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Jun 15, 2017 09:14 AM EDT

Genetics does not hold all the answers in solving all the diseases in the world. More often, the answer lies in the most unlikely things, like the tarantula. Harvard researchers found out recently that tarantulas might hold the key to a healthy heart.

Christine Seidman, a genetics professor at Harvard Medical School, studies hypertrophic cardiomyopathy or HCM, a disease where the heart is unable to relax properly. In the process, it exerts more energy than usual and can result in heart failure and other adverse problems.

Seidman discovered that some genetic mutations cause HCM. Two of these genetic mutations affect myosin, a protein that is very important in muscle contraction. She found out that two particular mutations switch myosin with one amino acid after the other causing the heart muscle not to relax properly.

These cardiovascular muscles are uncannily similar to the muscles the tarantula use to control each limb. Because of this, these arachnids are good subjects in studying how these mutations affect myosin.

Seidman works alongside Raúl Padrón, a structural biologist at the Venezuelan Institute for Scientific Research, whose main work focuses on the effects of muscle proteins on tarantulas.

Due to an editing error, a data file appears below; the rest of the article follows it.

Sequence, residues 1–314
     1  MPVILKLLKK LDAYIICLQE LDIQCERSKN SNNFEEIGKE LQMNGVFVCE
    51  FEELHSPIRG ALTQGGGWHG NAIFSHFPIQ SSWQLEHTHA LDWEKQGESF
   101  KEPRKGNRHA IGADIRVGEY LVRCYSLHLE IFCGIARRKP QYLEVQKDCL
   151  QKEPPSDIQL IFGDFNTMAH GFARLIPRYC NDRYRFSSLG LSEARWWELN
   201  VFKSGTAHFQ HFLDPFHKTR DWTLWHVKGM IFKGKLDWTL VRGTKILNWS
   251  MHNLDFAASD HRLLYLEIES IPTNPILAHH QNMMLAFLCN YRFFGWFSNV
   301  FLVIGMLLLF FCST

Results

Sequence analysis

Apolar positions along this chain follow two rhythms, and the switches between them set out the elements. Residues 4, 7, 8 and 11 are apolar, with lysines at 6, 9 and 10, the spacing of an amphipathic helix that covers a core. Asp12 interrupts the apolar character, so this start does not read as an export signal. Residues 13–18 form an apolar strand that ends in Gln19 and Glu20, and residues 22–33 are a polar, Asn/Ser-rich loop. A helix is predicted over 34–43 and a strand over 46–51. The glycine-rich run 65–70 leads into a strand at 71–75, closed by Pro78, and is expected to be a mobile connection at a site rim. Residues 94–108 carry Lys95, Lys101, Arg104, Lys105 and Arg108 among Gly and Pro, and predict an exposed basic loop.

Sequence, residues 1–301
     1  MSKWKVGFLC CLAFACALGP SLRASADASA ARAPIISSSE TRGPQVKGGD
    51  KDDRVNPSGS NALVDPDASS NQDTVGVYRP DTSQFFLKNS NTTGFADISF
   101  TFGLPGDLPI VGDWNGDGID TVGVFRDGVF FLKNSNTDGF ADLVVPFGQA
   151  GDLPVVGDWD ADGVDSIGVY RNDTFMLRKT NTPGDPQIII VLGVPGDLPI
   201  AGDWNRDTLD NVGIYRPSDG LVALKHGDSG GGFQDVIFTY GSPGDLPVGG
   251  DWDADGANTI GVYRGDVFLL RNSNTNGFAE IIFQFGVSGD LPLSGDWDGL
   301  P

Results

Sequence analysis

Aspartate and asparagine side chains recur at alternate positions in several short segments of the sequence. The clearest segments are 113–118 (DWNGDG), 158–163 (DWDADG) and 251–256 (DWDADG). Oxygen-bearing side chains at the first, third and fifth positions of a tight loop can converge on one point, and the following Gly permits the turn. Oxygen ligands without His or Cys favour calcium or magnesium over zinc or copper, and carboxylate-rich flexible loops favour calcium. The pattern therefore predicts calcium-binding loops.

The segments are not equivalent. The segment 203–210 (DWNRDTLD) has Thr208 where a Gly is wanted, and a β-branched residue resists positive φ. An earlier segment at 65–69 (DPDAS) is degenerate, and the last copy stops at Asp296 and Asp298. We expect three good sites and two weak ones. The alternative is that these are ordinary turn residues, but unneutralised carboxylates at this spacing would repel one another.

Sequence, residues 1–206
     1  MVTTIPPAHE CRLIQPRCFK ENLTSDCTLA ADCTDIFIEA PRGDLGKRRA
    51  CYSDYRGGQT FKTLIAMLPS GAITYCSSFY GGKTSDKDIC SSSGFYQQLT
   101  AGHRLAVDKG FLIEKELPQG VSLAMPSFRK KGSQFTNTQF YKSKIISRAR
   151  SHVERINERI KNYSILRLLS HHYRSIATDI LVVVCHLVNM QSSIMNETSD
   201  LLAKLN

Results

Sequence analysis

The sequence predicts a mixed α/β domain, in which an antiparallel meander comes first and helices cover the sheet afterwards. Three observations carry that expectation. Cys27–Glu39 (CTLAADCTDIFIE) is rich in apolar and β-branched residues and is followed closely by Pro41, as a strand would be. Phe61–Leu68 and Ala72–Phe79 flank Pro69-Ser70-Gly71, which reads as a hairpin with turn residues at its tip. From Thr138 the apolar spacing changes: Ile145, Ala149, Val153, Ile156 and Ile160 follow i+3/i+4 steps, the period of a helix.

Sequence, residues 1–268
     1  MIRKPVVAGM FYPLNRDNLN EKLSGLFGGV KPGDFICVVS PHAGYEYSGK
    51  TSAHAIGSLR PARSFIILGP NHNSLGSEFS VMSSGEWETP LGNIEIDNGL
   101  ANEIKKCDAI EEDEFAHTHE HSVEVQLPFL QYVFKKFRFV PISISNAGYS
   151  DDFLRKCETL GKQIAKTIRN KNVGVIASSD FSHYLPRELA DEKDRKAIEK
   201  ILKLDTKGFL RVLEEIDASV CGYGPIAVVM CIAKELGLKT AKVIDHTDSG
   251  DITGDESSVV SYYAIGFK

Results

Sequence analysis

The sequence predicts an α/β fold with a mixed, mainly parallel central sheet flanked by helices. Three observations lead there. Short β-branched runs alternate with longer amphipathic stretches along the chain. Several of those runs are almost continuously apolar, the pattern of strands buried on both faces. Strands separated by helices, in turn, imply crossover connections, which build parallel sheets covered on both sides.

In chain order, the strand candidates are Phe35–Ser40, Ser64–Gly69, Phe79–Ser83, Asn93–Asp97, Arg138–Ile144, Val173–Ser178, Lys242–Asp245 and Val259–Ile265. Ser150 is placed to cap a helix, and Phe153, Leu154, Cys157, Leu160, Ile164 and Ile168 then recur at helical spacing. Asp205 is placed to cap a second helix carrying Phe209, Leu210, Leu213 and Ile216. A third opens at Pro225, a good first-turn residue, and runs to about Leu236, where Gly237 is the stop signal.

Together, they investigated the mutations associated with HCM change the structural interactions of myosin that happen during cardiac relaxation. What they found out was very surprising - the same amino acids responsible for cardiac relaxation are also the same ones altered by the HCM mutations.

The pair is planning to bring their research to the next step by using cryo-electron microscopy to look closely at myosin interactions at near-atomic resolutions.

Seidman also wants to find out if the adverse outcomes and symptoms caused by HCM can be reduced using small molecules in the heart.

Both Seidman and Padrón published their respective studies in the online journal eLife.

Follows heart diseases, harvard, HCM, tarantula, myosin
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